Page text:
La Bella Rosa

La Bella Rosa

Nathan Williamson, (pianist) John Packer (composer), Daisy Williamson (music therapist)John Packer has been working with Daisy Williamson, a music therapist for St Elizabeth Hospice since the beginning of 2013 and has now begun the production of his first opera, ‘La Bella Rosa’. John, a day care patient at All Hallows Hospital, Ditchingham, has been playing the piano since he was 11. However, John never learnt to read or write music so the process of writing an opera has been a labour of love and a testimony to the enduring working relationship between him and music therapist, Daisy.

She said: “John has always been extraordinarily creative and then in April 2014 he started playing melodies on the piano which he had been writing for years and years.

“He would play a melody and I would transpose it for him. We then worked together on the dialogue and lyrics.”

Clearly, this process has taken quite some time, eighteen months to get the first of three acts completed.

Daisy explains: “As time moved on, John’s Parkinson’s disease became more advanced and playing the piano became more difficult for him. I have to note down tunes as he hums them.”

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John admits to the opera having been 20 years in the making:

“It is in my mind all the time; it is constantly evolving. I have worked on the themes, the most important being love. It is a love story in the truest sense as it’s really about all the different types of love.”

‘La Bella Rosa’ is set in Tuscany, and focuses on Rosa, a vivacious English girl who comes to an Italian finishing school, whilst visiting an English family’s estate. She is pursued by two suitors, Enrico, a local nobleman, the other, an American suitor with ‘new money’ who wants to buy into the Aristocracy.

Music therapist, Daisy enlisted the support of her partner, Nathan, a composer and pianist, who took the melodic lines and turned them into piano parts which can later be used as full orchestral pieces. John worked with Daisy during his weekly visits, just playing melodies.

John’s wife, Liz, describes him as “a modest man who has always had a way with words. This debut performance is so important for John as through it we can see one of the true parts of him.”


When John was diagnosed with early onset Parkinson’s in 1992, he was 49 years old and had been CEO of Norwich City Council for three years Liz recalls:

“It was a stressful job and at the time we had four boys, aged four, ten, 12 and 14. John continued as CEO for another seven years, retiring in 2000.

“He always had an open door policy and a ‘can do’ attitude which meant that he achieved a lot in the time he was there.

“In 1999 he was awarded an OBE for services to Norfolk and Norwich and had to be convinced to accept it. I wanted him to have it so that he could see how he is valued.”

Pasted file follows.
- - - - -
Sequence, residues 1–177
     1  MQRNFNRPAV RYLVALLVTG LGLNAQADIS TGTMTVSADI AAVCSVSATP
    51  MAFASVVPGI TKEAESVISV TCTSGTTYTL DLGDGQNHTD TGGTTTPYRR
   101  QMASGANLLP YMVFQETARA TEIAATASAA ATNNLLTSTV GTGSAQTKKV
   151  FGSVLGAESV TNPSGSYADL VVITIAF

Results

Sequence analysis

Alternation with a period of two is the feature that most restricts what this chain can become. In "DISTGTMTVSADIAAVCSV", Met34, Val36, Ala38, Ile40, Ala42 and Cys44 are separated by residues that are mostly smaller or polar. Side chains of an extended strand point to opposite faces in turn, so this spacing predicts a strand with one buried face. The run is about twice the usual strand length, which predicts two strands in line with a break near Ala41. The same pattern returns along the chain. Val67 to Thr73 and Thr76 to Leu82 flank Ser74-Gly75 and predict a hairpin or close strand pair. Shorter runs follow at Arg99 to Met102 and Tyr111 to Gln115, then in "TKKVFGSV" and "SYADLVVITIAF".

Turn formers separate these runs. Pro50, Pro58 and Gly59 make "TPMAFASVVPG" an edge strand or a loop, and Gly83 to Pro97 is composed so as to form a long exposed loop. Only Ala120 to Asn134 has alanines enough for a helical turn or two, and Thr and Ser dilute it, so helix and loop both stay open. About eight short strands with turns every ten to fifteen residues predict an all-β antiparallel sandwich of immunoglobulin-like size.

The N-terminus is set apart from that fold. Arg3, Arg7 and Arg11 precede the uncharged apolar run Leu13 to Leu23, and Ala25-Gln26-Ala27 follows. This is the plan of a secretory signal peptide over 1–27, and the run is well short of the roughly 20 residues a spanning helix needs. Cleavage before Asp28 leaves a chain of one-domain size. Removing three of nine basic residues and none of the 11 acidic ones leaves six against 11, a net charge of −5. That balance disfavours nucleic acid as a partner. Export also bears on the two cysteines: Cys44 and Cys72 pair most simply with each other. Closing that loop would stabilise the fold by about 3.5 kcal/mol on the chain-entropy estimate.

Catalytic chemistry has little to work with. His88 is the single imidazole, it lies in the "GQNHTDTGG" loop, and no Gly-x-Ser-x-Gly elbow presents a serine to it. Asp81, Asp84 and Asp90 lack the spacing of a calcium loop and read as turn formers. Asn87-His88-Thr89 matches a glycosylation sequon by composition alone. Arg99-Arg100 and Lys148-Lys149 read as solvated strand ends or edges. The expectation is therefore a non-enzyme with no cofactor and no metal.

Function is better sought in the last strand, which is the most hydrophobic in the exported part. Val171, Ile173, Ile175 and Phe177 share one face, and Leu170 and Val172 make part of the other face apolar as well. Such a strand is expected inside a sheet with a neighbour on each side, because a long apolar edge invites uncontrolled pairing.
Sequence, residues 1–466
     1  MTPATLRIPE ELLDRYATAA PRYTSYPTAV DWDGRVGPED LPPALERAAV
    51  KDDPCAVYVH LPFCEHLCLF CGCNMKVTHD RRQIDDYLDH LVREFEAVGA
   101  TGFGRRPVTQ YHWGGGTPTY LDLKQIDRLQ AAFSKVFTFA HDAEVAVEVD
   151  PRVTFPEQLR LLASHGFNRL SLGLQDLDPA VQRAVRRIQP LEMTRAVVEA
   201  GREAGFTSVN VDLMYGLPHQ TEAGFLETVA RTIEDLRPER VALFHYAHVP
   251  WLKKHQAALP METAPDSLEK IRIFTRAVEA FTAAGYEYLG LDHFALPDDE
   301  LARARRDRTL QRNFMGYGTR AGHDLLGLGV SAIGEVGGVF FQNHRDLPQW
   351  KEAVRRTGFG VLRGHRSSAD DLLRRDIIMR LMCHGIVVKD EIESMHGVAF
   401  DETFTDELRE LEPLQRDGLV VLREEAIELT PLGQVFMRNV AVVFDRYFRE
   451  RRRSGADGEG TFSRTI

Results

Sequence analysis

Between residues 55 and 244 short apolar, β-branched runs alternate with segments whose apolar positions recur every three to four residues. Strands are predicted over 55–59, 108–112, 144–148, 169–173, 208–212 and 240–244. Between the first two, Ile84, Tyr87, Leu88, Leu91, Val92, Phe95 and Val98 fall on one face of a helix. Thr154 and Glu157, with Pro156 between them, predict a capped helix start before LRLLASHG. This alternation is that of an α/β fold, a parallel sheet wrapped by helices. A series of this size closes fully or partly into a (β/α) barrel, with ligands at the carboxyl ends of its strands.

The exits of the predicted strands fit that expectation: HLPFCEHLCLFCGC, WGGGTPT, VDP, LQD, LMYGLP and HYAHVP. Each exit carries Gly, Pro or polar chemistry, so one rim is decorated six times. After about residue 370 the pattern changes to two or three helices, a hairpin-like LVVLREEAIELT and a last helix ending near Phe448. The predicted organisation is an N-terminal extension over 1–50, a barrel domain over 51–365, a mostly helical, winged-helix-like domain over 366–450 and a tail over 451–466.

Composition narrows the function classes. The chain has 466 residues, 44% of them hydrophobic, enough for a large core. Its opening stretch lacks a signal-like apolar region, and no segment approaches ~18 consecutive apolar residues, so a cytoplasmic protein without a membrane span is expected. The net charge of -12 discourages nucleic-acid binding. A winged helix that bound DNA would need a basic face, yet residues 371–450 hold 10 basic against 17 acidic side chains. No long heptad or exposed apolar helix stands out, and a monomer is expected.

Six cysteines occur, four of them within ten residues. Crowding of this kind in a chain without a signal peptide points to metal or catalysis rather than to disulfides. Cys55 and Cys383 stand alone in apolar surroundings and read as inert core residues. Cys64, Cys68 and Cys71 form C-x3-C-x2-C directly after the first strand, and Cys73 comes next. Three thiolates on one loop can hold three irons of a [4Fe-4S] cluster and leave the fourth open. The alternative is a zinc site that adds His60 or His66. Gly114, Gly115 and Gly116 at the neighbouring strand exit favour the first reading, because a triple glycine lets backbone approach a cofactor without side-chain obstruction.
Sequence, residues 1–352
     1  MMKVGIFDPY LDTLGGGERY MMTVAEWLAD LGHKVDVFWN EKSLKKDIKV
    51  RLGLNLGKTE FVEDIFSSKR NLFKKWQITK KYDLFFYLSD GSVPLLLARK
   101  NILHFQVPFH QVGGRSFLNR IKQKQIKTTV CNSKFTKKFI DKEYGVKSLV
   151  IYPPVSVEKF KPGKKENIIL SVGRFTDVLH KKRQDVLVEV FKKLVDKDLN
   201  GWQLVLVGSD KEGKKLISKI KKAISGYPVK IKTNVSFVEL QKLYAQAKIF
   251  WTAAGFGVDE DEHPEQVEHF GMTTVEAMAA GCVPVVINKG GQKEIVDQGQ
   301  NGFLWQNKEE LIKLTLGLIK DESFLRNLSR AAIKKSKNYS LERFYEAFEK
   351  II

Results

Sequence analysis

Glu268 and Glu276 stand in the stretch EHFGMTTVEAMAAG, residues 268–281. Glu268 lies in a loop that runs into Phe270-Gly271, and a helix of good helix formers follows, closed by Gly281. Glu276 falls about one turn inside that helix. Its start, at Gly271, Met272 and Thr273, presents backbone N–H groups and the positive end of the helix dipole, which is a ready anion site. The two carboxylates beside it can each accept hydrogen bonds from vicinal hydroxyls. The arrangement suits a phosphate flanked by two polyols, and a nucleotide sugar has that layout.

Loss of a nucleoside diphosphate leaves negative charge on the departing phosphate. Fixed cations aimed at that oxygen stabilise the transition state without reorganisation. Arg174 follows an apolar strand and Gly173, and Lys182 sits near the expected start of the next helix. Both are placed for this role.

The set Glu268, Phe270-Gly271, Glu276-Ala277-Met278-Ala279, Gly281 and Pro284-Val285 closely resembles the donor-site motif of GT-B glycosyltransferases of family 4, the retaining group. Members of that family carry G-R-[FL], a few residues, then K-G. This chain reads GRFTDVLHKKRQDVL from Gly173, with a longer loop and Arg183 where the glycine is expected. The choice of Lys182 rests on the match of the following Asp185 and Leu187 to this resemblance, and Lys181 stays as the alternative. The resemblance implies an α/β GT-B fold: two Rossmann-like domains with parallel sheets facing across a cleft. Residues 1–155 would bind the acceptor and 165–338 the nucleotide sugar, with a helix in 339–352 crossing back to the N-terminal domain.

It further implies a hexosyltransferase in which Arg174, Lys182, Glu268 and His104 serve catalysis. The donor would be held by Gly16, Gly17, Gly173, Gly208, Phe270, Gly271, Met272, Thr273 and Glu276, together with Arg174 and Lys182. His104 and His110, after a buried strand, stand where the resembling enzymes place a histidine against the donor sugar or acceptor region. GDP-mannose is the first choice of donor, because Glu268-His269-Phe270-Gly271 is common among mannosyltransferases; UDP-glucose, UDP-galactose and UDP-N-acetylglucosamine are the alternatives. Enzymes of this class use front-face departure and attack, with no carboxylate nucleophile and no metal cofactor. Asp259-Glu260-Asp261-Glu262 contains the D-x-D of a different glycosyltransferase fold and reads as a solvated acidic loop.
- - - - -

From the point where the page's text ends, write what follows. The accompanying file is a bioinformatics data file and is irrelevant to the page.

John began using St Elizabeth Hospice day services in Ipswich and worked with music therapist Ray Travasso before attending day care every Monday in Ditchingham.

Both John and Liz are very appreciative of the respite provided by day care for them, Liz comments:

“The respite given means so much to us. It is truly amazing just how many people help by volunteering.”

I loved the way everyone joined in

Writing has always been an important part of John’s life; he wrote a play about Rosa Luxemburg and has always had a passion for poetry, his favourite poet being Andrew Marvell. John attended various Arvon creative writing courses around the country, beginning with poetry before graduating onto writing song lyrics. He worked with acclaimed writers as: Willy Russell, John Fairfax and Ray Davis.

Having the first act of his opera performed for the very first time by Daisy, Nathan and St Elizabeth Hospice staff, is a real vote of confidence for John. He said:

“I now know that I can produce something good. I could really hear the melodies as I listened to the performance.

“I loved the way everyone joined in. All those people have made a difference.”

John started by writing two songs which sparked off the rest. He then explained:

“I wrote a 1930s song called ‘I’ll wait for you’ for my wife, which she really likes and will incorporate it into either act two or three.”

“It’s really important to be able to see the person inside, behind the illness”

Liz loves how this project has kept ‘the real John’ at the fore, as living with a progressive illness like Parkinson’s is difficult, she said:

“It is really important to be able to see the person inside, behind the illness and that is what is being done here at St Elizabeth Hospice.”

John and Liz continue to feed their creativity; they are both learning Spanish so that they can welcome their prospective Columbian daughter-in-law into the family properly. John’s next step is to revise Act 1 before moving on to Act II.

Both John and Liz are under no illusion about the effort required and the support he needs to do this, but with the help of St Elizabeth Hospice, amongst others, they will endeavour to keep the creative process moving.

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